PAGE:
Vail Daily column: What’s the difference?
A couple of Sundays ago as I was hanging around the bottom of the Centennial lift at the Beaver Creek ski area I couldn’t help but notice there was a group of about five or six guys getting ready to ski. What caught my attention was that each one of them had to be at least 6 feet 3 inches tall and a couple of them appeared to be well over 6 feet 5 inches.
Just a little while later in the same area I noticed another group of people, men and women, and I would venture to say that there wasn’t one of them that was over 5 feet 6 inches tall. Not one in the entire group, with a couple closer to 5 feet tall. Had I not seen the extremely tall group earlier, maybe this group would have simply blended in with the crowd.
I rode the lift later that day with a couple of guys on snowboards that had hair well down past the middle of their back. And on another ride up the mountain, I rode the lift with a clean-cut U.S. Marine and his bride. I started to recognize that I was having one of those days where the uniqueness and differences that make our world so very special was becoming overwhelmingly evident.
My day continued with chairlift rides accompanied by 5-year-olds as I helped a ski instructor by taking two of her ski school kids up the lift and then my very next lift ride was with a couple of folks in their 70s.
I share this with you because each person I met that day had something very interesting to share with me. We talked sports, politics, local restaurants and bars, music, and even a little history. I think the conversation that impressed me the most was the one I had with the two young snowboarders as they had some pretty cool insights and opinions about the economy and the upcoming presidential election.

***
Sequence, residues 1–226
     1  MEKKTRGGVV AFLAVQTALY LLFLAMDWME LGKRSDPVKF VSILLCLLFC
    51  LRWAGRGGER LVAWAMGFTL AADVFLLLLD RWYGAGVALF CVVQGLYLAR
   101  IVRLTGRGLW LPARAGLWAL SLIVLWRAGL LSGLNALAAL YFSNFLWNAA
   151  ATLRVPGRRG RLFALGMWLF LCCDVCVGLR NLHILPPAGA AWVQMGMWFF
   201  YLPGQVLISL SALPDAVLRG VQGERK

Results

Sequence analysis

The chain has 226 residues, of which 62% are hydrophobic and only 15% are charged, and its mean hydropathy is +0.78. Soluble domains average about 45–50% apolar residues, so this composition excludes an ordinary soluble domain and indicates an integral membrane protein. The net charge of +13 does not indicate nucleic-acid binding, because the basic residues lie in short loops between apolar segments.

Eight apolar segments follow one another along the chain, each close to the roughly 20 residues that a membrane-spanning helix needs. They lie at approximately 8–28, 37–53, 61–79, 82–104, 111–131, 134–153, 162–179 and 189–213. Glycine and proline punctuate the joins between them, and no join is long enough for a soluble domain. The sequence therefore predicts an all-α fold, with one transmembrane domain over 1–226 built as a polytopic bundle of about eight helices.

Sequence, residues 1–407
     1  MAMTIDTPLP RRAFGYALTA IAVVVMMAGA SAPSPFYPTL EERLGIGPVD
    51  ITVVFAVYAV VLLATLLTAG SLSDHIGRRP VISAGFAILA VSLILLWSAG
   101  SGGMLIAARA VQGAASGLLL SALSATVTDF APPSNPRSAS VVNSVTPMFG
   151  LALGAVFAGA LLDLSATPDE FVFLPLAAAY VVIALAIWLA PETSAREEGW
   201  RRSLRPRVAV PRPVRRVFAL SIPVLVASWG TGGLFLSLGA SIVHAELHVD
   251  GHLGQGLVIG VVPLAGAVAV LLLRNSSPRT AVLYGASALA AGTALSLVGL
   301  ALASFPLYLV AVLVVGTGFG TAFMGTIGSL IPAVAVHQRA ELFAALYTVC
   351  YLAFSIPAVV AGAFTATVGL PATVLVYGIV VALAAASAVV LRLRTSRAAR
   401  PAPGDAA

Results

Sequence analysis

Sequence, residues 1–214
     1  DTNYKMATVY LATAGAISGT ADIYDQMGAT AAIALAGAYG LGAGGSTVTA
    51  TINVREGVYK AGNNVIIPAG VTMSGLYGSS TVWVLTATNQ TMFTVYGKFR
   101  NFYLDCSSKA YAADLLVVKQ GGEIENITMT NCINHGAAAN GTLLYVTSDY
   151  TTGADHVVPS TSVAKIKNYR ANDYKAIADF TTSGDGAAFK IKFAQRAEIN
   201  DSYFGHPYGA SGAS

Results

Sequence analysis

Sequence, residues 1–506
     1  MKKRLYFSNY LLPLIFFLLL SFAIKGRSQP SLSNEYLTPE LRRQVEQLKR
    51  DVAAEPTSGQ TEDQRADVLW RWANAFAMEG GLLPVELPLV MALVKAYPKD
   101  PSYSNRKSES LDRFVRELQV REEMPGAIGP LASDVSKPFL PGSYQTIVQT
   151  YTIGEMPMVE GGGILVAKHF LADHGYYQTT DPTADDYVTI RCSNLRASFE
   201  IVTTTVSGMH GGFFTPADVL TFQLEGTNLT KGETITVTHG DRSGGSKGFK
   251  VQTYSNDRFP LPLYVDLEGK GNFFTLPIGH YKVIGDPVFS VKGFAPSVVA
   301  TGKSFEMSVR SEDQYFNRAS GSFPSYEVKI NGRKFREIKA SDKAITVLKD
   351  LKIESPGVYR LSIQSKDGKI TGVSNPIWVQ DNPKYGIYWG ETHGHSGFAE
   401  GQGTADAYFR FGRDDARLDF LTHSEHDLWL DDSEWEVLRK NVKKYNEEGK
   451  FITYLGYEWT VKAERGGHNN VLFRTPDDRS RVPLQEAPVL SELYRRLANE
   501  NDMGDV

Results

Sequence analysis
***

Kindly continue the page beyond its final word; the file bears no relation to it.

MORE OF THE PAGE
You see, diversity is what makes life fun and interesting. And each one of us deals with unique attributes of our family, friends, co-workers, employees and the strangers we have the privilege of meeting each and every day. Do we take the time to appreciate them for their individualism, honoring who they are and what they contribute, or do we find ourselves judging books by their covers and completely miss the opportunity to either learn something new or simply enjoy a differing point of view?
Take a look at the person next to you, across from you, in line at the grocery store, sitting with you in church, or just maybe even along for the ride on your next chairlift or flight, I’ll bet they might just be one of those unique people, with a cool story and a different opinion.
We have the unbelievable opportunity to be exposed to new thoughts and ideas if we would just keep our hearts and minds open to receiving the information and not being threatened by an opposing point of view. We may not agree, and we may walk away with more certainty about our own opinions and beliefs, but at least we allowed ourselves to embrace and hear a different point of view.
Maybe I was a little too comfortable and complacent regarding my own way of thinking, you know, kind of set in my ways that created a heightened awareness of the beauty in all the differences and diversity of our world. Whatever it was, I am glad it happened as it further opened my heart and mind.
How about you? I would love to hear all about how your approach to meeting and understanding people who might be just a little different, or maybe even a lot different than you, at firstname.lastname@example.org. Give it a shot, and when you do I am sure it will be a better than good week.
Michael Norton is a strategic consultant, business and personal coach and motivational speaker, and CEO of http://www.candogo.com. He writes a weekly motivational column for the Vail Daily.
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